Two emergency landings already this month at St. Pete-Clearwater International Airport. One was due to smoke in the cabin and the other was due to pressurization issues. There have now been 9 total incidents involving Allegiant flights out of St. Pete-Clearwater this past year and over 3 dozen nationwide from September to March.
Is this airline skimping on maintenance to save costs? Is that one of the ways they are able to pass along lower fares?
"This supports everything we've been saying," Moore said of the latest incident. "The problem is there. We've been seeing it on almost a daily basis not just in Florida but around the country. The FAA needs to take a much closer look, a much harder look at Allegiant's maintenance program."
The average age of Allegiant's fleet of about 70 aircraft is 22.2 years, with most of the fleet having been built in the 1980s, according to the union report. Most airline experts agree safety is not compromised by flying older planes with adequate maintenance....But the pilot's union, which has been involved in a labor dispute with Allegiant, has complained that Allegiant's older fleet is serviced by relatively inexperienced mechanics with 55 percent of the airline's 1,800 mechanics having less than four years of experience.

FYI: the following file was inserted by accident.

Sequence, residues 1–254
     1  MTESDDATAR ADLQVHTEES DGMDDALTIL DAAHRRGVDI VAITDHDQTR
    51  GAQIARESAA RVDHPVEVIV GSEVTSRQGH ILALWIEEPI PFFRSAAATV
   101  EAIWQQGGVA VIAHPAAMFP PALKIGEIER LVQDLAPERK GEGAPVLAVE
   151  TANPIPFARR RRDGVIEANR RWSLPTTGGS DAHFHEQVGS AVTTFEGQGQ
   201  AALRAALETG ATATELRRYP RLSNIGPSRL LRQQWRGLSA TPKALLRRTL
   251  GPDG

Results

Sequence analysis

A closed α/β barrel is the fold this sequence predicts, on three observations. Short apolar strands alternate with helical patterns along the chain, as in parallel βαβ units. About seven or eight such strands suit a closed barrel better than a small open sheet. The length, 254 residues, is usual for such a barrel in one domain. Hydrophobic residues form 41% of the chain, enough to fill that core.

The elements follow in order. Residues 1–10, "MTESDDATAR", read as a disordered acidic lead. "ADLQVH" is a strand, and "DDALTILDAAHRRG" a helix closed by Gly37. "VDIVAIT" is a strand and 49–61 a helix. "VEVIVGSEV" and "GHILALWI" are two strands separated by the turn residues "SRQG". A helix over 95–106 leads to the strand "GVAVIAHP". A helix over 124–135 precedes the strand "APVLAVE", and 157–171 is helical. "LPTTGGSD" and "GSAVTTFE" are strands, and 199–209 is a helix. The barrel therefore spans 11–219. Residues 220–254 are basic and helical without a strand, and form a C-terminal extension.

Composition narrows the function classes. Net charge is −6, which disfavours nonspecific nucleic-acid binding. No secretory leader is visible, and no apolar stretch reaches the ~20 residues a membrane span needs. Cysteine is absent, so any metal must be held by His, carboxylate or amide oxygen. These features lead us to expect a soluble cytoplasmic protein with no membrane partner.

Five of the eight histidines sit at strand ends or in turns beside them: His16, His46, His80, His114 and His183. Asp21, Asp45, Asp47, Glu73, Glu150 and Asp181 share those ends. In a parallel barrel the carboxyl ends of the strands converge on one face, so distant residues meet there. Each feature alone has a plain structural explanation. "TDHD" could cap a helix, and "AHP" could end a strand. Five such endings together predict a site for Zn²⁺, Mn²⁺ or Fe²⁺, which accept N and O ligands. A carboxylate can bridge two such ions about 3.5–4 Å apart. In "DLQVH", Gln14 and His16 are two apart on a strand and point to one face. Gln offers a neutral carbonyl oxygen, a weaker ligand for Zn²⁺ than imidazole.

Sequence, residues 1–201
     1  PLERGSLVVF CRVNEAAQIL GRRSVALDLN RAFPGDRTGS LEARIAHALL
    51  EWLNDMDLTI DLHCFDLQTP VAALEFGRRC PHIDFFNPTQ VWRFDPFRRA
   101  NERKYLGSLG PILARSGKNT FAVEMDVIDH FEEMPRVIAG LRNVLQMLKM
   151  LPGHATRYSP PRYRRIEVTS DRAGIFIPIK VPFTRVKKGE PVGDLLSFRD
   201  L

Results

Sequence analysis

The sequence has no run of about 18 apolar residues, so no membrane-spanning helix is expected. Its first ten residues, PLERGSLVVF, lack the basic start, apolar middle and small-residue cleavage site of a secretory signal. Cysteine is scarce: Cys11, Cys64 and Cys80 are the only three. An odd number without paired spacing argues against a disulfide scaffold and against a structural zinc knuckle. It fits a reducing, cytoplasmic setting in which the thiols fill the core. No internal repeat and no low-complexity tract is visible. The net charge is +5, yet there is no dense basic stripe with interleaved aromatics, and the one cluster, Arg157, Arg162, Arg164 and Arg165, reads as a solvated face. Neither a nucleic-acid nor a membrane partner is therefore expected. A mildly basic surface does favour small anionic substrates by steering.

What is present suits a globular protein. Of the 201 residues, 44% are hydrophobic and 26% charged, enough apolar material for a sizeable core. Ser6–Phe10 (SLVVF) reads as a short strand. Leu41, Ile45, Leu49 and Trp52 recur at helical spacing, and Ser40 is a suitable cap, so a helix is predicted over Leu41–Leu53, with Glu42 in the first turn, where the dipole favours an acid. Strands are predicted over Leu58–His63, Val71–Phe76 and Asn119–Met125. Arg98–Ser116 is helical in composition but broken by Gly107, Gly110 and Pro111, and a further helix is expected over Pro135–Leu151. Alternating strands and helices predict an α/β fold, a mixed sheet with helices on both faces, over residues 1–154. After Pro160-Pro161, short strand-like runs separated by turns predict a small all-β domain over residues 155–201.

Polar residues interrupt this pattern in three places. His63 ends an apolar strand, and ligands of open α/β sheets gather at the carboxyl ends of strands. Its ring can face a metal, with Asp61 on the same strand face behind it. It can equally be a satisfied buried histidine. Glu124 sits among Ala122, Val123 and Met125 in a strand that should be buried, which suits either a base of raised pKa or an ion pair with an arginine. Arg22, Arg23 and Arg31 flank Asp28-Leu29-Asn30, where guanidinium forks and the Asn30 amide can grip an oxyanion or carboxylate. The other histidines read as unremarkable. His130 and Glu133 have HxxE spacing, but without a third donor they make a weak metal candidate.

I have always been skeptical of these low cost airlines. I fly a lot, but mostly stick with Delta and United. I fly Delta for my NYC, ATL, and occasionally L.A. business, and then United for Washington D.C., Chicago, and L.A., as well. I do, however, know a lot of Gator fans who use Allegiant to get to some of these backwoods SEC towns. I've only flown them once to Knoxville, myself, and, although the aircraft was an old, beat-up, MD-88, we made it without incident. I'm not sure I'll be flying them again, though, even if they offer better rates and more direct routes to places like NW Arkansas, Kentucky, Tennessee, Missouri, Mississippi, South Carolina, etc.
It's interesting to me that almost all of the Delta flights out of MCO to NYC (both LaGuardia and JFK) are on MD-80 equipment, but they never seem to have as many incidents. Don't get me wrong, I don't like MD-80's period and would love to see the whole fleet updated to 737-900's or something, but at least it seems like Delta invests more in maintenance. I'll gladly pay for that and avoid delays or, god forbid, death. I think Delta more or less got stuck with a ton of MD's from the Northwest merger and are just playing the hand they've been dealt until they can update the fleet. I don't hold it against them, but I prefer Boeing and Airbus.
Anyone regularly fly Allegiant and care to offer a different perspective? I don't fault them for trying to win market share with their low cost model, and I lean more towards pro-business policies than overly restrictive regulation....but c'mon, guys: service your fleet and let's not get so greedy that we end up with another freaking Valujet plunging into the Everglades.